Most Heroes Don’t Know It

Write an essay in which you tell us about someone who has made an impact on your life and explain how and why this person is important to you.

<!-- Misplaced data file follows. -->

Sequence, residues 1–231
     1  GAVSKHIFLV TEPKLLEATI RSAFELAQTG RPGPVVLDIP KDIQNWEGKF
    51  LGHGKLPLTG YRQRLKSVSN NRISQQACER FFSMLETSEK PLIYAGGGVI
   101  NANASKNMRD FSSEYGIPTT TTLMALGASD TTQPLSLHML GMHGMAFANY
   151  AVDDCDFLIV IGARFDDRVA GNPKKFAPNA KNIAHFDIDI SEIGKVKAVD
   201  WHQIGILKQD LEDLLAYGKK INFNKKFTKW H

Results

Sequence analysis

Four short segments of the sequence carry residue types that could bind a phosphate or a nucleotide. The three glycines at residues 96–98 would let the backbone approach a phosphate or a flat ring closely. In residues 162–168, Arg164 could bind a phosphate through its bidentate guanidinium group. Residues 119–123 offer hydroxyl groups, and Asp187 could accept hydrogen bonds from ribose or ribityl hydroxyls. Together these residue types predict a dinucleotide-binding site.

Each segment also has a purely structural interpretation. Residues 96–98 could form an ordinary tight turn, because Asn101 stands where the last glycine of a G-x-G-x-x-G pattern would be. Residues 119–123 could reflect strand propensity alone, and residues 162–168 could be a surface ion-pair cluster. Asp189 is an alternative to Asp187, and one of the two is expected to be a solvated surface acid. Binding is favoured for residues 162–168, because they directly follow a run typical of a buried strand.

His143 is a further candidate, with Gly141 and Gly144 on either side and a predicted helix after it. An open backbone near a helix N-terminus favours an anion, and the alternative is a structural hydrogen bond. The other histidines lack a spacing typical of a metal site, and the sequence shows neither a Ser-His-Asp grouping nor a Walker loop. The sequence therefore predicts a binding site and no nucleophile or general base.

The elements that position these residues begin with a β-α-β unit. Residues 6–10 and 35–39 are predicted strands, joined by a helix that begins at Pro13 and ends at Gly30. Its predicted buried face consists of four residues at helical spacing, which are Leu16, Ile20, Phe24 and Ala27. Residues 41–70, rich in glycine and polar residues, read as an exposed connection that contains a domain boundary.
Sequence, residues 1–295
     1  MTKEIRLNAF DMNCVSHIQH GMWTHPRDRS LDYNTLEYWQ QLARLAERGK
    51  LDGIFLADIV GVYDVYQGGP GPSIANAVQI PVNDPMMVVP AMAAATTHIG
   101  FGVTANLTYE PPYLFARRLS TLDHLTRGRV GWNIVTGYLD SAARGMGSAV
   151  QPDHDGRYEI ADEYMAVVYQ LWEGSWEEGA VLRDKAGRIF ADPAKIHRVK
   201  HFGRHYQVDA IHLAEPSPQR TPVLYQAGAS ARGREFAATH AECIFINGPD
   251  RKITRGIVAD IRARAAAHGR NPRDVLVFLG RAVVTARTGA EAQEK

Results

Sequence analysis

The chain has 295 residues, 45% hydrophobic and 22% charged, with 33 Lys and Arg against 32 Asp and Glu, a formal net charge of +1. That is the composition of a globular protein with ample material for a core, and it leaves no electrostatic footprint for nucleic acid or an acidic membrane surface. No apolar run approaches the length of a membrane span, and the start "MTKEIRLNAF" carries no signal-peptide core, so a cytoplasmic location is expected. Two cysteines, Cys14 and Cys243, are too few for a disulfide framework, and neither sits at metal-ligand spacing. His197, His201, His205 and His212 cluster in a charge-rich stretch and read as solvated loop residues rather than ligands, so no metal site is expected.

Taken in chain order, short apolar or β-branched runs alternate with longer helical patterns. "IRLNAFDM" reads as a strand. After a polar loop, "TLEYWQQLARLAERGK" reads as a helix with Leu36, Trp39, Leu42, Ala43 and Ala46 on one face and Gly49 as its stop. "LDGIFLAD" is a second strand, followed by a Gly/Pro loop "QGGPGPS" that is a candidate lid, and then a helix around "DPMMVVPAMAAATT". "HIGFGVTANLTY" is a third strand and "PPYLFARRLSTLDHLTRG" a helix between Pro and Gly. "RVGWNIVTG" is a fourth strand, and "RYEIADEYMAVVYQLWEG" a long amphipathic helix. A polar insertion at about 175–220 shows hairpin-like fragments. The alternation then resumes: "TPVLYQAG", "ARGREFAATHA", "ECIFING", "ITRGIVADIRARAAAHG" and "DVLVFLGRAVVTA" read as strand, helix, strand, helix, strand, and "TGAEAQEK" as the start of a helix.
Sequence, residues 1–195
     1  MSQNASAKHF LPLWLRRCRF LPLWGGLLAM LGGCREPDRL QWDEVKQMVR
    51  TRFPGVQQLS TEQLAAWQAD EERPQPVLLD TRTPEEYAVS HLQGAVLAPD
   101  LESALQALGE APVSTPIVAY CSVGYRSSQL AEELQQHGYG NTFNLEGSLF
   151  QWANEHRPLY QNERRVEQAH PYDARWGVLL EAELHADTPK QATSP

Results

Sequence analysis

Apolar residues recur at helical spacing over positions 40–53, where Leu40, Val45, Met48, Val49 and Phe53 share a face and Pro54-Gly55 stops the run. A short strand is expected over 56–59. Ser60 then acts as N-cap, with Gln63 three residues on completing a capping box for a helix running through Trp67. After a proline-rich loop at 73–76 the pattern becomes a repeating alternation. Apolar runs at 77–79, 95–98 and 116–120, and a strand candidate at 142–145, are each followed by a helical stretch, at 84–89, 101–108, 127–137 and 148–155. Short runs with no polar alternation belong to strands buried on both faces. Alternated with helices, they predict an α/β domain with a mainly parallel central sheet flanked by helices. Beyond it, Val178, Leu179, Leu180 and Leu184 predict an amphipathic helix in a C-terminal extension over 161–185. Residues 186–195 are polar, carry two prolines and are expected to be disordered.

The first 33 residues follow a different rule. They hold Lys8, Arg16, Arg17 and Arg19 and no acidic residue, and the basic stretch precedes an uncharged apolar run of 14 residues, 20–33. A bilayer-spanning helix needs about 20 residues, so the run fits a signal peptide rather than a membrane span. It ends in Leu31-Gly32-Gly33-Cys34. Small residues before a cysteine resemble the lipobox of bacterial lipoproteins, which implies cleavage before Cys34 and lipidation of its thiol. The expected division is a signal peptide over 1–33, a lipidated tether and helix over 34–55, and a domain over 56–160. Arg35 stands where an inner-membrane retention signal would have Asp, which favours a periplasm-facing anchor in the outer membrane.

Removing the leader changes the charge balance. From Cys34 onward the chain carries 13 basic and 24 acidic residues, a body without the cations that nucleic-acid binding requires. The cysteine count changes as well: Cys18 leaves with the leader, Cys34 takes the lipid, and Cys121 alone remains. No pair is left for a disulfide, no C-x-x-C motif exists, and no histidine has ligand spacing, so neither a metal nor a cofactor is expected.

Write an essay in which you tell us about someone who has made an impact on your life and explain how and why this person is important to you.I think it’s safe to say that, though he may not know it, Ian Lokey made me who I am more than any other single person I’ve met. When I entered middle school, I became a part of the youth group at my church. That meant I got to meet all the older high school kids, and that’s where I met Ian. I thought he was a very cool guy—partly because he was four years older than me, of course, but also because he had his act together so well. He was an actor and a musician, which made him a rather outgoing person, and he had very refined and respectable ideas about chivalry and etiquette. All in all, he was a great role model, and throughout middle school I looked up to him more than anyone else in church or out of it.The highlight of every summer at our church was the Youth Camp, and the one during the summer of my freshman year turned out to be nothing short of fantastic. The best part of the week, for me, was when Ian decided to “take me under his wing”, if you will. I’m sure he did so much more out of kindness than he did for the sake of my company (although you’ll never hear him admit that); I was just about to enter high school, after all, and like everyone at that age I was immensely self-conscious and still more than a little out of place in social settings. Ian seemed to think that I had potential and decided I could use a little guidance, I suppose, and so he stuck by my side through much of the week. I could not be more indebted to him, for when I was around him I picked up many, many habits that have each become an integral part of my identity today. First and foremost, I saw Ian as a gentleman. As an actor, he was slightly eccentric, but as a talented actor, that eccentricity translated into a very refined way of carrying himself. In public, he was a perfect gentleman, always addressing others with the utmost respect and recognizing such lost practices as holding doors for others and standing when a woman enters the room. He held himself to his own code of ethics, and even in private he adhered to that unflaggingly. I hold the utmost respect for that, and for his dedication to it, especially because there are so few today that care about social graces as he does. Though I don’t know if I’m yet as refined as he, I constantly strive to be.Also, Ian is an archetypical extrovert. He seems to have no fear. He craves the spotlight, and when he is the center of attention his performances never fall flat- I remember one evening vividly, when everyone at the camp was seeing off all the Seniors who would soon be leaving for college. We were all gathered in the big round meeting room, and each Senior would sit in the middle as the microphone was passed around and others would say their goodbyes and share stories about the person. When Ian’s brother, Grant, got into the middle, Ian made a grab for the mic and stood to give a speech that moved just about everyone in the room to tears. It was touching, but what I remember most about it was that it was masterful. He never faltered, never stuttered, and chose every word meticulously. After hearing him speak so effortlessly that night, I determined that I was going to master myself like that as well. Once again, I’m not yet Ian Lokey, but I’ve come a long way.Ian’s career in the arts (he’s currently ranked one of the top 50 acting students in the country) prompted me to try acting as well, and I even performed in a play my freshman year. I’m no longer in theater, but I still carry a deep-seated love for performance and acting, and my single favorite undertaking in the last four years has been writing, directing, and performing in a movie for my school’s Film Festival. Ian was also a very proficient writer, and a very large portion of my own writing style is an homage to his—a peculiar, conversational style he developed in his online journal.I haven’t seen Ian in a few years, as he lives across the country in Cincinnati. And even now, I’m sure he has no idea how much that one act of kindness four years ago has meant to me, but I would be terribly remiss if I didn’t acknowledge that Ian Lokey has been my key role model throughout my teenage life.

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